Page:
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Biculturalism and the Apollo-Soyuz Mission

The final two short audio pieces from the Monterey Summer Symposium on Russia. “A Brief Conversation on Biculturalism” by Alexandra Diouk and “Remembering the 1975 Apollo-Soyuz Mission: 45 years of US-Russian Space Cooperation” by Lisa Becker.

Trash Protests and Leninopad

Two short audio pieces from the Monterey Summer Symposium on Russia. “The Great Russian Trash Crisis” by Seth Farkas and  “An Empty Pedestal: Ukraine after Leninopad” by Sabrina Beaver.

Sochi’s Electoral Magic Show

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The results of the mayoral election in Sochi were as expected.  United Russia’s candidate Anatoly Pakhomov won.  No repeat of  the Murmansk mayoral contest allowed. The losers, Solidarity’s Boris Nemtsov and the Communist Party candidate Yuri Dzaganiya, have already charged massive fraud, dirty campaign tricks, and use of a variety “administrative resources” to hoist Pakhomov to victory.  Both candidates were systematically barred from local television, their billboards removed, and campaign literature confiscated.  Local Sochi tv even smeared poor Nemtsov with a 20 minute film claiming he was a South Korean spy. And what dastardly plot was he hatching for the east Asian nation? Conspiring to move the Olympics to Seoul.  As if.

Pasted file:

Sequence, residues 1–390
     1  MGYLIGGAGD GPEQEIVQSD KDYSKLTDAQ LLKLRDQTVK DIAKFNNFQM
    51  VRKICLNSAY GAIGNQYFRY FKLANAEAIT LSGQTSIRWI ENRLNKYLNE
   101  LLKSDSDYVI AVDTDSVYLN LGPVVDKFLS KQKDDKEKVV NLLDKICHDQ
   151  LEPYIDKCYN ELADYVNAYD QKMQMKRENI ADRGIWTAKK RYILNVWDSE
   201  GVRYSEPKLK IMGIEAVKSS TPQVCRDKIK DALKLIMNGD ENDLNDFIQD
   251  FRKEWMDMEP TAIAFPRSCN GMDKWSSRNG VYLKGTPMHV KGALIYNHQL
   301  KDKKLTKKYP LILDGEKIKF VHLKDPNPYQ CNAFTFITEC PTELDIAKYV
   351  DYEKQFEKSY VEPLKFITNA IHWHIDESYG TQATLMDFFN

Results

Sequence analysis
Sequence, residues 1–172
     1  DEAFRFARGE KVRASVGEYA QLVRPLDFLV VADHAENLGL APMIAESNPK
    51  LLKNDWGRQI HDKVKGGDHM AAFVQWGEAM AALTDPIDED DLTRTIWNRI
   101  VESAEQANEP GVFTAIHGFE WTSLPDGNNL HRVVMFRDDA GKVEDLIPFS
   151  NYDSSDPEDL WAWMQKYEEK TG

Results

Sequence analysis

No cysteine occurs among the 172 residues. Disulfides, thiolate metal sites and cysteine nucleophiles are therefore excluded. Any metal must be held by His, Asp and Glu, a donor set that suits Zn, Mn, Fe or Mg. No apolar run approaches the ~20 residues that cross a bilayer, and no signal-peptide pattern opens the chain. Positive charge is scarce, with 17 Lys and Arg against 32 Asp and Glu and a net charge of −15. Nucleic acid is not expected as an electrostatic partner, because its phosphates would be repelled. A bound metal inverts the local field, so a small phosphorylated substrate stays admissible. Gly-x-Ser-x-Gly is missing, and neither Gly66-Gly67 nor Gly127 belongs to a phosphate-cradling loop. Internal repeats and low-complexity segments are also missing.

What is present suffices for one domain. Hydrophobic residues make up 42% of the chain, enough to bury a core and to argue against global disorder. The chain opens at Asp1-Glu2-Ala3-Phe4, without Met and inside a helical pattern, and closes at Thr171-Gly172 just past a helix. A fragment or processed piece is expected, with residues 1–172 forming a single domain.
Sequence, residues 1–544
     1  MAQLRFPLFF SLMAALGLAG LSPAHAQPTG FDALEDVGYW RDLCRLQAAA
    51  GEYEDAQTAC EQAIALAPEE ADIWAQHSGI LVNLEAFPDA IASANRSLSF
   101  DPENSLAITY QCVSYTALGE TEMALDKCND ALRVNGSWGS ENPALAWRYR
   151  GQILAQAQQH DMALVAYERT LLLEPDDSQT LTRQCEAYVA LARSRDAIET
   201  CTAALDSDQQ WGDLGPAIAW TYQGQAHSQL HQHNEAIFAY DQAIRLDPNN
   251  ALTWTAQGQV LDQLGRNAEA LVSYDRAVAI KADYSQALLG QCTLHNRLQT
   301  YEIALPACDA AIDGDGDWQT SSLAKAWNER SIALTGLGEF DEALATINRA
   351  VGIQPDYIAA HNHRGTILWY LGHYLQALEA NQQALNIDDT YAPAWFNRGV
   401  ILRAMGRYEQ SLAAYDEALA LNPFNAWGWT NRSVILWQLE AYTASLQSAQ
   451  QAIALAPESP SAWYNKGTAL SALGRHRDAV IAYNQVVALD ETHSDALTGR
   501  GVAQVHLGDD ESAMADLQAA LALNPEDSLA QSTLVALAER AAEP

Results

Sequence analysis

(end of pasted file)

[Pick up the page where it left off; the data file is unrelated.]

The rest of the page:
Early voting served as the perfect opportunity for stuffing the box in favor of Pakhmonov. And if that wasn’t enough to tip the balance, then mobile poll buses were dispatched to the Abkhaz border.  Last week, Sochi’s electoral committee ruled that citizens of Abkhazia with Russian passports and Sochi residency could cast ballots.  As a result, this election is probably the one of first to make a serious effort to enfranchise the homeless.

There isn’t much more to say about a contest which began as a circus and closed with a magic show.  Votes were made to disappear and reappear at the behest of the electoral committee’s magicians.  Nothing says this more than the enormous gap between exit polls and the election results, via Ezhdnevnyi zhurnal:

The surveys of exist polls gave the following results: Pakhomov, the candidate from United Russia, 46 percent; Nemstov the candidate for Solidarity, 35 percent.  In other words, a run off. Yuri Rykov, the head of the city electoral committee, offered entirely different figures to the court of public opinion.  Pakhmonov – almost 78 percent, Nemtsov 13.5 percent.

One candidate had to score 50 percent to avoid a run off.  United Russia wasn’t going to take a chance even if that meant making electoral fraud even more blatant than usual.  After all, it ain’t called “managed democracy” for nothin’.

Photo: Debaterage.